What I find interesting is how a Game company that also produces models approaches the hobby, vs. how the Model company that also produces a game approaches the same hobby.

    I overall agree more with BF's business model approach. Selling Books, and making a solid game makes money. Models are the gravy.
    This is different than GW professing to be a model company (although it seems they drop the ball on that a lot. Nids, and Thunderwolves, I'm looking at you.) and wanting a game to sell more models. It's also been pointed out recently pointed out (http://www.reddit.com/r/IAmA/comments/ppwzq/iama_former_games_workshop_employee_ama/) GW wants to be an 'Elite' game, and wants to ultimately pull as much of your entertainment disposable income out of you as possible.

    I've been disenchanted with GW for over a year.

    they still have a 'fun' game.

    I'm finding red superhuman vs. blue superhuman to get a little old. I know there are other forces out there. I could field green superhumans, or silver superhumans. If you don't like Superhuman armies, there's the mediocre men. They're just not as Super.... and it all gets a bit... blah.

    I still play Necromunda, and it's as good as it ever was. (we even had 10 people show up to play Necromunda last night at the North GP.)


    as a game system, I find FoW to be a more elegant game than 40K.
    after playing 40K, FoW feels like playing football on a Polo pitch, instead of playing football on a Tennis court.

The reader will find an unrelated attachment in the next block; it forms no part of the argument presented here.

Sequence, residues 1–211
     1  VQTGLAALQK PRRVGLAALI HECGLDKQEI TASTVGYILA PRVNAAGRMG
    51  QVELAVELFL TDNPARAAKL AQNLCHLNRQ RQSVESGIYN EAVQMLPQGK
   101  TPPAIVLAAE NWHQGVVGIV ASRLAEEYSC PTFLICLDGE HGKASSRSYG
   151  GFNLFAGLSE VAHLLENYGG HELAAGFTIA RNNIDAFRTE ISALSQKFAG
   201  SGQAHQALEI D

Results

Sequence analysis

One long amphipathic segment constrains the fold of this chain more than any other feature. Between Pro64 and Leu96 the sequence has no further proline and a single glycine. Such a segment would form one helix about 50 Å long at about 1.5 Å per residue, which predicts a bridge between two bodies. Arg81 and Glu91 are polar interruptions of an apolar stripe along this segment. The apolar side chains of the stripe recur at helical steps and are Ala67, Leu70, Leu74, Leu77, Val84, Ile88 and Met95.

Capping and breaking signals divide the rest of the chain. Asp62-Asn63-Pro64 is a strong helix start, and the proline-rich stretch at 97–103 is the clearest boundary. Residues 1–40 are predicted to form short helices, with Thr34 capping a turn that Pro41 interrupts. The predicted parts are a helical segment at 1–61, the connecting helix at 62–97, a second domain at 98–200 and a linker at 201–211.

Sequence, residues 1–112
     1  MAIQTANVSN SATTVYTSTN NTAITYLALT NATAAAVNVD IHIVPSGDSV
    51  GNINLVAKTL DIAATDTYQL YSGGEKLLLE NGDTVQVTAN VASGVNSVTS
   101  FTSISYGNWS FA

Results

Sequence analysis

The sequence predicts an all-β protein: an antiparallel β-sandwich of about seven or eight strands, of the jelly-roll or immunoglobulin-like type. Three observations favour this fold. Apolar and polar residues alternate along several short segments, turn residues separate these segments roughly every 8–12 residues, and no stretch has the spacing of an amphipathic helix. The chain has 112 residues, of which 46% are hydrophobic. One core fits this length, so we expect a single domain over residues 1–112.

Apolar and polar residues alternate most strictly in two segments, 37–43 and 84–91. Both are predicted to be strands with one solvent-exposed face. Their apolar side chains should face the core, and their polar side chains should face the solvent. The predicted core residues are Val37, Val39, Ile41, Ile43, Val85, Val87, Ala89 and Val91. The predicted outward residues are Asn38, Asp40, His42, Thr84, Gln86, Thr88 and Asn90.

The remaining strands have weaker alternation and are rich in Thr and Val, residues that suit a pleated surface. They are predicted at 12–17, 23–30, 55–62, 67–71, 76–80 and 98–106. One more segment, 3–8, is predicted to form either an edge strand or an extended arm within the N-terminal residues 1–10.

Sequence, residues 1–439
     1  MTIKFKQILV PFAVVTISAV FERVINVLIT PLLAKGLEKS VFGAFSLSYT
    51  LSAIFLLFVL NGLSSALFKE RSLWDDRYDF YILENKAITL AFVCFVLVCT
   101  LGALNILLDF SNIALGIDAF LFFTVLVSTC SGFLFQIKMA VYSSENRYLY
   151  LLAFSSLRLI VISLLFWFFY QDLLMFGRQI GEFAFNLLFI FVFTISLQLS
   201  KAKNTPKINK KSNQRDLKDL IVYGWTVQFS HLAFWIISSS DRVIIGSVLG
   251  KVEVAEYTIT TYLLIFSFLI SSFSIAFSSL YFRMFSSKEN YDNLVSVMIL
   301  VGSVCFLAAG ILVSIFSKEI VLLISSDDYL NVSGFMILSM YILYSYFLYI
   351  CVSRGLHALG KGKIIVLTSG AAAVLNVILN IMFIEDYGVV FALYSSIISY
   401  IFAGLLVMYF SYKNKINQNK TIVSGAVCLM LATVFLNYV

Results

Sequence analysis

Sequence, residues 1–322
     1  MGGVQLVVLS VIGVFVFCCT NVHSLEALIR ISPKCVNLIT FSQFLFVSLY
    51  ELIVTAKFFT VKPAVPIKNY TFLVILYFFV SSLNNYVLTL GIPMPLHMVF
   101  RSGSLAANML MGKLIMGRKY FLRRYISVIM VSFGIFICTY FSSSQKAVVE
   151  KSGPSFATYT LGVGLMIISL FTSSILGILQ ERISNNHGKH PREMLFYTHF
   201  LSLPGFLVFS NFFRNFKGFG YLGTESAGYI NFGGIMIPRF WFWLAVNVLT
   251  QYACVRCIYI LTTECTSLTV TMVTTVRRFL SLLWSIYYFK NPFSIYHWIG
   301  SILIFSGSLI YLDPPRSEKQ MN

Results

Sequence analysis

At the Same time, 40K and Flames cover two different genres.

    Genre preferences aside, I find myself wanting to play FoW the Game system more than I want to play 40K the game system.
    I feel like FoW allows for a more strategic experience, and more tactical possibilities. Part of that might be the scale. As 40K pushes to more and more stuff on the same size table, tactics become more limited.

    as to fluffer-nutters.... they occur in all systems. I've had people curse my 40K armies and tell me they lost because I didn't bring a very accurately fluffy Inquisition army because (insert made-up fluff reason here about Sisters of Battle).

    yep the histori-fluffers have history to compare every thing to.

    in the end:
    40K is a Science Fiction game.
    Flames of War is a Historical Fiction game.

    in all endeavors to improve, it never hurts to shop around.